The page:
21.04 All right, title and interest (including, without limitation, rights in patents, trademarks, copyright, and related rights) in Contractor’s pre-existing proprietary intellectual property included in the Deliverable Service(s) (the “Pre-Existing Intellectual Property”) shall remain with the Contractor. The Contractor hereby grants the Purchaser and the World Bank Group an irrevocable, royalty-free, worldwide license to use, disclose, reproduce, publish, distribute or display copies to the public, or modify or prepare derivative works of such Pre- Existing Intellectual Property, in whole or in part, without the prior written consent of the Contractor.
The new pilot window, introduced in late 2016, approved 15 projects all of which are either regional in scope or, while being conducted at country level, aim at a wider applicability of results.
Among these projects, is one headed by a UN entity – ESCWA. The Activity  is to Advance Civil Registration and Vital Statistics Systems in the Service of Syrian Refugees. Its collaborating organizations include WHO, UNICEF and a Norwegian research foundation with technical support from the Catholic University of Louvain in Belgium.
What are implications of a UN entity entering into a research partnership in which its results will be wholly owned by the World Bank under US Copyright law? Who is held accountable for increasing civil registrations?
How to disentangle the blended or obscured governance and reporting responsibilities that result from bilateral agreements between the secretariat of partnerships (UNF) of over 100 data champions and the World Bank?
Where does the responsibility rest for the due diligence needed to protect the mission as well as the credibility of the United Nations, both as a participant and endorser of the GPSDD?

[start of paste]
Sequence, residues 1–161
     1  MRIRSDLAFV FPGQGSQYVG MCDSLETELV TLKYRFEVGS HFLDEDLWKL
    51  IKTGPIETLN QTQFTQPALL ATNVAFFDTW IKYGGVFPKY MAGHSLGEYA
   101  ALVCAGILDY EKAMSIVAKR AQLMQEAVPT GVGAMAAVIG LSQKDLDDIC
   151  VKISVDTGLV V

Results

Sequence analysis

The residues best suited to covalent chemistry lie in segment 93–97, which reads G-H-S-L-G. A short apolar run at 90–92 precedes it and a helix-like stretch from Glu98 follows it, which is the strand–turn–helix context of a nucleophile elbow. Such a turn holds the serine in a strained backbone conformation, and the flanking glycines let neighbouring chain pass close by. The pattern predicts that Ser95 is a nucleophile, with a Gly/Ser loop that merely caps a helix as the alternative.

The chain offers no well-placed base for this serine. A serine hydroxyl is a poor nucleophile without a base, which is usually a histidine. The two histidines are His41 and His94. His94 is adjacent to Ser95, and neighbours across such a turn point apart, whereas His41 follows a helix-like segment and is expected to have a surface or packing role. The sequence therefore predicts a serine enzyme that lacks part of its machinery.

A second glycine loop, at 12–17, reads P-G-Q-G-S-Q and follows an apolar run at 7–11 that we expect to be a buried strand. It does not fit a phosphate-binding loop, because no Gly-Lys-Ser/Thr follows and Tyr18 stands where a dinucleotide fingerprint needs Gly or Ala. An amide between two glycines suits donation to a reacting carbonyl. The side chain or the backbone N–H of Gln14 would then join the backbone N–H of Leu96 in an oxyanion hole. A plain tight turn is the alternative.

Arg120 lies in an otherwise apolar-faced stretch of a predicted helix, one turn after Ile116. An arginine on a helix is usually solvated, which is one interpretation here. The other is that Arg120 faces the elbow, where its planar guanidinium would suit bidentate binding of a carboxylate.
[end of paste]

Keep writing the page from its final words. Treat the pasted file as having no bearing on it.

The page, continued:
Going beyond access to the question of re-use rights the situation gets more complicated. The World Bank for example has its own internal requirements regarding the openness of its data, but does not entirely follow them: countries and UN agencies that partner with the Bank on reports on different goals – – do not always have right to publish the results of this work, as the World Bank may retain those rights.
Who is accountable for SDG progress?
Similar questions arise with regard to other data collection partnerships involving UN agencies. ILO, IOM and FAO, for example, have teamed up with Gallup –a US-based opinion polling firm—at times in association with the World Bank. An ILO-Gallup partnership examined how women feel about workplace opportunities while an IOM-International Data Analysis Centre report produced in collaboration with the Gallup World Poll examines public attitudes towards migration. Ownership rights to the results vary. In the case of the ILO-Gallup report on women and work the copyright is owned jointly by ILO and Gallup, while the IOM-Gallup apparently has no copyright restrictions.
More problematic however, is the FAO- Gallup partnership, which involves two SDG indicators that will be used for monitoring and accountability of Member States in implementing the SDGs. A Gallup press release states:
Gallup, on behalf of its clients at the World Bank and the U.N.’s Food and Agriculture Organization (FAO), collects data through its World Poll on the topics of financial inclusion and food insecurity that the two organizations use to inform SDG indicators 8.10.2 and 2.1.2, respectively. …Through the “Voices of the Hungry,” a collaborative project between Gallup and the FAO, Gallup supports FAO’s monitoring of global progress toward the goal to “end hunger (and) achieve food security.” [http://news.gallup.com/opinion/gallup/193892/gallup-helps-track-progress-hunger-financial-inclusion.aspx]
Although Gallup makes clear that “national institutions” can use the project’s data base, called the Food Insecurity Experience Scale, ultimately the Gallup organization owns the data. However, the official data used to report on progress on the SDGs is meant to be owned by NSOs, a point frequently repeated by all players, from the Statistical Commission to UN agencies, from the World Bank to mobile phone companies.
A similar contradiction is likely to arise regarding a partnership launched in February 2017 between the UN Foundation and Groupe Spéciale Mobile Association (GSMA)–“Big Data for Social Good” – “which will leverage mobile operators’ big data capabilities to address humanitarian crises, including epidemics and natural disasters. The programme is being launched with 16 of the world’s leading mobile operators, which collectively account for over 2 billion connections across more than 100 countries” according to the UN Foundation.